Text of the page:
entered  in the same format as ’dig’ or ’drill’ prints them, the
              same format as in the zone file. Has to be  on  a  single  line,
              with  ""  around  it. A TTL can be specified for ease of cut and
              paste, but is ignored.  A class can be specified, but  class  IN
              is default.

       trusted-keys-file: <filename>
              File  with  trusted  keys  for validation. Specify more than one
              file  with  several  entries,   one   file   per   entry.   Like
              trust-anchor-file  but  has  a  different file format. Format is
              BIND-9 style format, the trusted-keys {  name  flag  proto  algo
              "key";  };  clauses  are  read.  It is possible to use wildcards
              with this statement, the wildcard is expanded on  start  and  on
              reload.

       dlv-anchor-file: <filename>
              File  with  trusted  keys for DLV (DNSSEC Lookaside Validation).
              Both DS and DNSKEY entries can be used in the file, in the  same
              format as for trust-anchor-file: statements. Only one DLV can be
              configured, more would be slow. The DLV configured is used as  a
              root  trusted  DLV,  this  means  that it is a lookaside for the
              root. Default is "", or no dlv anchor file.

       dlv-anchor: <"Resource Record">
              Much like trust-anchor, this is a DLV  anchor  with  the  DS  or
              DNSKEY inline.

       domain-insecure: <domain name>
              Sets  domain  name  to  be  insecure,  DNSSEC  chain of trust is
              ignored towards the domain name.  So a trust  anchor  above  the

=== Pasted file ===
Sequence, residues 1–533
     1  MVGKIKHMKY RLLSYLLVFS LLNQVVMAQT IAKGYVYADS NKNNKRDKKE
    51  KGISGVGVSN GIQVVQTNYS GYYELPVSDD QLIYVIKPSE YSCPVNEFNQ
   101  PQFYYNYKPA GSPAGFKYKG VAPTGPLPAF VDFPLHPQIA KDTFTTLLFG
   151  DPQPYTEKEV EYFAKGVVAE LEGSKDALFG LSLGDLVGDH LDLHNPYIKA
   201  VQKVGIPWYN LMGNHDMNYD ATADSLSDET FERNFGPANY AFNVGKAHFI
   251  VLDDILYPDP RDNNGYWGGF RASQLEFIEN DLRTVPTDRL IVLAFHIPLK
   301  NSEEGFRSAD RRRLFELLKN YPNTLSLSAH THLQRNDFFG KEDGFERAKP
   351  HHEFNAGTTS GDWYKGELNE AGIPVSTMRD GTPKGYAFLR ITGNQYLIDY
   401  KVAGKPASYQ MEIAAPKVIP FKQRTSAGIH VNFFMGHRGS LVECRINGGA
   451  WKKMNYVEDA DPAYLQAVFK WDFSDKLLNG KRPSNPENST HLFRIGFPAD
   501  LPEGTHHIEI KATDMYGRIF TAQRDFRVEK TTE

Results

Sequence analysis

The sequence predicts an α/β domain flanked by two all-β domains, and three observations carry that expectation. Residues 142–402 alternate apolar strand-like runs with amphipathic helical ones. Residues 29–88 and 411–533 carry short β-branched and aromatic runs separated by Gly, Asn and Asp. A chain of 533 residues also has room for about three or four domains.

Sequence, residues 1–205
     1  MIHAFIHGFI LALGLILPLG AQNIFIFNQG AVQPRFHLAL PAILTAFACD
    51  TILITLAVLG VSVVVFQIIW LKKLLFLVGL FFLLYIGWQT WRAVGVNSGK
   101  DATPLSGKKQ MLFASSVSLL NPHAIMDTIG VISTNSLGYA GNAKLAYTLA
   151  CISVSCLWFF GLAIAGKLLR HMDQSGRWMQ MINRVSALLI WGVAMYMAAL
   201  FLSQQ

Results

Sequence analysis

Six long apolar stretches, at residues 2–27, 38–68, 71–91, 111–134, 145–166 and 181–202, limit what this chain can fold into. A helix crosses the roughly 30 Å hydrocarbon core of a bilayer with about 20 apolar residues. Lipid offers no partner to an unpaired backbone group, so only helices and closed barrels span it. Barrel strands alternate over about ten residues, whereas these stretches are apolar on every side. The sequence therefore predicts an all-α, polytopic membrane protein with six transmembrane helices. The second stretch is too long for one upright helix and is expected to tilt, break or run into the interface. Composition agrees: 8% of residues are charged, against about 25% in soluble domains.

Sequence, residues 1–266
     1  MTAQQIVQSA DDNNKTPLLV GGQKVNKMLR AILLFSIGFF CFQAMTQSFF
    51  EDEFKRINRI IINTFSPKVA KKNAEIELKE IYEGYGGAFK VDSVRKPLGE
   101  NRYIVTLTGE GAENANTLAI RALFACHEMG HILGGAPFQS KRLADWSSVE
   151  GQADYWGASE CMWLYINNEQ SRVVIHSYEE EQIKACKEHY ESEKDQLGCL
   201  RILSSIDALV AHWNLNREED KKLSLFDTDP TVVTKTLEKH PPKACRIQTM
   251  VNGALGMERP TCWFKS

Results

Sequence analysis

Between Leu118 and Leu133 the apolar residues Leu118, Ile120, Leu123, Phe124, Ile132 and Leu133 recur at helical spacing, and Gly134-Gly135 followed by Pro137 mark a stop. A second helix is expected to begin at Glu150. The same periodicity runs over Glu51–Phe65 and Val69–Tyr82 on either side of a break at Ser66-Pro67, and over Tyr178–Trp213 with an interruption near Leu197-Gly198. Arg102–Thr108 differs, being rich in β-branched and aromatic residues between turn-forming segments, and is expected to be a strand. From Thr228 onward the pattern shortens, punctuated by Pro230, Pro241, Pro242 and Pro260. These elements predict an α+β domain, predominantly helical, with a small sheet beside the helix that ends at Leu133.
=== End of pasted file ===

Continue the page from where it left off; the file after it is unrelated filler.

domain  name  can  not  make the domain secure with a DS record,
              such a DS record is  then  ignored.   Also  keys  from  DLV  are
              ignored  for the domain.  Can be given multiple times to specify
              multiple domains that are treated as if unsigned.   If  you  set
              trust anchors for the domain they override this setting (and the
              domain is secured).

              This can be useful if you want to make sure a trust  anchor  for
              external  lookups does not affect an (unsigned) internal domain.
              A DS record externally can create validation failures  for  that
              internal domain.

       val-override-date: <rrsig-style date spec>
              Default  is "" or "0", which disables this debugging feature. If
              enabled by giving a RRSIG style date,  that  date  is  used  for
              verifying  RRSIG  inception and expiration dates, instead of the
              current date. Do not set this unless you are debugging signature
              inception and expiration.

       val-sig-skew-min: <seconds>
              Minimum  number  of  seconds of clock skew to apply to validated
              signatures.  A value of 10% of the signature lifetime  is  used,
              capped  by  this setting.  Default is 3600 (1 hour) which allows
              for daylight savings differences.  Lower  this  value  for  more
              strict checking of short lived signatures.

       val-sig-skew-max: <seconds>
              Maximum  number  of  seconds of clock skew to apply to validated
              signatures.  A value of 10% of the signature lifetime  is  used,
              capped  by  this  setting.   Default  is  86400 (24 hours) which
              allows for timezone setting problems in stable domains.  Setting
              both  min  and  max very low disables the clock skew allowances.
              Setting both min and max very high makes the validator check the
              signature timestamps less strictly.

       val-bogus-ttl: <number>
              The  time  to  live for bogus data. This is data that has failed